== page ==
MAY I add one small addition to the informed letters from Messrs Lindsay, Moore, Baird and Parkin (Letters, June 1)? Perhaps when Mr McDougall is admiring Whitelee from his bicycle he might like to consider that to date this wind farm has been paid more than £143 million to switch off. The Renewable Energy Foundation keeps a record of these constraints payments on its website, which I check on a regular basis. This ever-increasing sum comes from our bills.

The UK total to date is just over £982m, of which more than £911m is paid to Scottish wind farms by all in the UK. I wonder who will pay the Scottish share if Scotland ever goes independent?

Massive concrete bases are sunk into the ground, often deep peat which we are continually told to preserve, and access roads constructed across previously-untouched landscape. How many other industries are paid so much to do nothing while causing so much environmental damage?

Brenda Herrick, Thurso.


YOUR recent correspondence from climate change deniers and renewables supporters (Letters, May 31, June 1 & 2) ignores the fact that there are elephants in the rooms of both sides of the argument. The elephant for climate change deniers is that we do have to find some way of powering our economies/lives using methodologies that do not produce CO2. The renewables elephant is that renewable production of electricity is inevitably intermittent. So if we accept that climate change is a reality, and this seems to be the view of the vast majority of the informed public, a solution to the CO2 issue needs to be found.

There are two possible solutions at present, nuclear fission and renewables. The public appetite for nuclear power seems to be limited, which leaves us with renewables. So, rather than forever carping about the problems with renewables we need to put our efforts into overcoming the issues. Are there solutions? Of course there are and they include pumped storage systems, batteries, electrolysis to produce hydrogen and, I am sure, many other technologies that will be developed with appropriate funding.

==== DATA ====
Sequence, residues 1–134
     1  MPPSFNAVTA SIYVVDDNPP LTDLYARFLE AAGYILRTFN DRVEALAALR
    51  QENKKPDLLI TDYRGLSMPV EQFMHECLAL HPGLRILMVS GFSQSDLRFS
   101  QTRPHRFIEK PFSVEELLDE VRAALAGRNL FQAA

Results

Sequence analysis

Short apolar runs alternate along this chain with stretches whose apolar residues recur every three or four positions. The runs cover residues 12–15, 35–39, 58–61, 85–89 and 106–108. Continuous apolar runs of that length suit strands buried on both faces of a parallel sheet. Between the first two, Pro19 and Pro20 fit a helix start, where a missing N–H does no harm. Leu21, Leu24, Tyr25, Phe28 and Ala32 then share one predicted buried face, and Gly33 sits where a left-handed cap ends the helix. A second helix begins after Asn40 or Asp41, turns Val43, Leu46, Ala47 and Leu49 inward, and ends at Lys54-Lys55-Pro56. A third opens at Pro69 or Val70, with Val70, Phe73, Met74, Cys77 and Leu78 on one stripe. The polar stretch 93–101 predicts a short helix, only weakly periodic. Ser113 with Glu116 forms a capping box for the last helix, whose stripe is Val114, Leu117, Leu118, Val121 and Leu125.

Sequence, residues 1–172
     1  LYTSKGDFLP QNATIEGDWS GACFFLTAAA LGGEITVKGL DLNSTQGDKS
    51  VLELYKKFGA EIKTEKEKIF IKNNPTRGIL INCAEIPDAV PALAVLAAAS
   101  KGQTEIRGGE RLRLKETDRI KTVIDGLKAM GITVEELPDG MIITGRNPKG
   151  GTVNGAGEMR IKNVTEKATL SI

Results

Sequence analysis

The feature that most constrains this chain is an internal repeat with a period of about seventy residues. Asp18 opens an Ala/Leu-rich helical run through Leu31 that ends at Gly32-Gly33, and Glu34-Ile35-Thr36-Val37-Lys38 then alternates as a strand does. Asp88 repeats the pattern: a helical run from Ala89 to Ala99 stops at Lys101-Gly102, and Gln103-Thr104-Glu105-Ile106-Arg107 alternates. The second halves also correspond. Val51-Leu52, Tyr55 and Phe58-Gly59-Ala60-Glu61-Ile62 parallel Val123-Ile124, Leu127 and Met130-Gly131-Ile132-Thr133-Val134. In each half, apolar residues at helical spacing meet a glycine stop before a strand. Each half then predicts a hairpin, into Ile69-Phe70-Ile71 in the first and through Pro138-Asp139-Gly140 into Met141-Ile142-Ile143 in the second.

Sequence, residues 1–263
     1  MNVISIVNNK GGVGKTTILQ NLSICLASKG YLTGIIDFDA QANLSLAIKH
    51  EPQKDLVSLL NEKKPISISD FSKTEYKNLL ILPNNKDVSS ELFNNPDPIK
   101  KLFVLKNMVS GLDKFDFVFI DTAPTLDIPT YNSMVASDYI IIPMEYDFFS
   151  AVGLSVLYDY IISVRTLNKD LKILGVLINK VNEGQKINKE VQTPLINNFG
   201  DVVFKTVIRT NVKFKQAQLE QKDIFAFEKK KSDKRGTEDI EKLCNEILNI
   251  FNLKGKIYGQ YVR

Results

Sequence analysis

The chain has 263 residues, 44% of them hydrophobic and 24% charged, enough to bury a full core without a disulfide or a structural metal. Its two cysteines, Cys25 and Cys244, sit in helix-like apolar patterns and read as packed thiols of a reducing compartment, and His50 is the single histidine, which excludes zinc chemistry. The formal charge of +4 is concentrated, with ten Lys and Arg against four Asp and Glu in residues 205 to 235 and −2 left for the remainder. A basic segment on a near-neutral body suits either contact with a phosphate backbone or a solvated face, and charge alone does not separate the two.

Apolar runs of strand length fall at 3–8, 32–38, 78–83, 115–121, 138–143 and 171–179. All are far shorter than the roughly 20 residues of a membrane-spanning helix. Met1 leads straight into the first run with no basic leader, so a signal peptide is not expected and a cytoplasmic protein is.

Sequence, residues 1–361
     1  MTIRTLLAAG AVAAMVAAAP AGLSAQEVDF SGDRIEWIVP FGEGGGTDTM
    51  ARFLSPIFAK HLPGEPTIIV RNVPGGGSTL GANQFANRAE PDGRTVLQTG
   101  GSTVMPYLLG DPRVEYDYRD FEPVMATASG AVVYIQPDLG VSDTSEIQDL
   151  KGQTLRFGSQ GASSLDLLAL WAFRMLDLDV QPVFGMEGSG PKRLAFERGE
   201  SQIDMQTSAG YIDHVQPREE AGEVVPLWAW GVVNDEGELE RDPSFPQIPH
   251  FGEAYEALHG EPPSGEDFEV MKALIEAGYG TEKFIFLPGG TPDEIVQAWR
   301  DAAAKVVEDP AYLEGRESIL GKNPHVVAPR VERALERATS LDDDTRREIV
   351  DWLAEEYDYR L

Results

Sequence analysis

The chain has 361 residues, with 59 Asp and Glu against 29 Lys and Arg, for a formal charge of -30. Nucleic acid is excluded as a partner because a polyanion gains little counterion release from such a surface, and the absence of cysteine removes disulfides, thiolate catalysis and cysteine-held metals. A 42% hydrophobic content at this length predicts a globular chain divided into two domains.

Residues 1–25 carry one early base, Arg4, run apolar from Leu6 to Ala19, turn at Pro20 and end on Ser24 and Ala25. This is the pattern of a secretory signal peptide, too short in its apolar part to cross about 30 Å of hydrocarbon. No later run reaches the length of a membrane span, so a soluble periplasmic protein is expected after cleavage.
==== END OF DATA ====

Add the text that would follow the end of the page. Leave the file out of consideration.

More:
Whether the carpers and climate deniers like it or not things have to change and, with suitable investment and imagination we will be able to change things with as little disruption as possible.

John Palfreyman, Coupar Angus.


MALCOM Parkin (Letters, June 1) asks how the current energy position in UK has come about.

One explanation I would suggest is that the financialisation of the economy since the 1970s has meant that the products of our education system have ended up as bean counters rather than skilled in the sciences of Newton and Kelvin.

On this planet perpetual motion is impossible. Energy engineering that ignores the laws of thermodynamics is likewise highly problematic. Morag Watson (Letters, May 31) would do well reconsider her claims with these two facts in mind.

Every wind turbine has cost much in carbon dioxide emissions in its manufacture, transportation and erection. Every “hydrogen generator" will require to be powered indirectly by fossil fuels. The “space exploration" activities much lauded by Struan Stevenson (“March of the wind farms is destroying Scotland’s beauty – but we can stop it”, The Herald, May 27) are further examples of energy blindness and consequent pollution.

Every solar panel has required fossil fuels in manufacture. Every electric car battery requires energy-extractive activities in its components and its production.The infrastructure to charge the vehicles is far from carbon-free.

The words of Nate Hagens (Post Carbon Institute, USA) explain the world energy predicament in a brilliant analogy: "Our culture is energy blind. We draw down the principle and consider it the interest.”

These are words which the economic fraternity would do well to consider after the 50 years when rapidly rising energy use and ever more energy absorbed in energy extraction has been propped up by a broken financial model.

John Caldwell, Bothwell.


YOUR not-infrequent publication of letters from anthropogenic global warming contrarians reminds me of the criticism the BBC was subjected to in relation to its news items or documentaries on climate change. In the interests of "balance” it would interview for instance Nigel Lawson, known for his determination to contradict the overwhelming scientific evidence.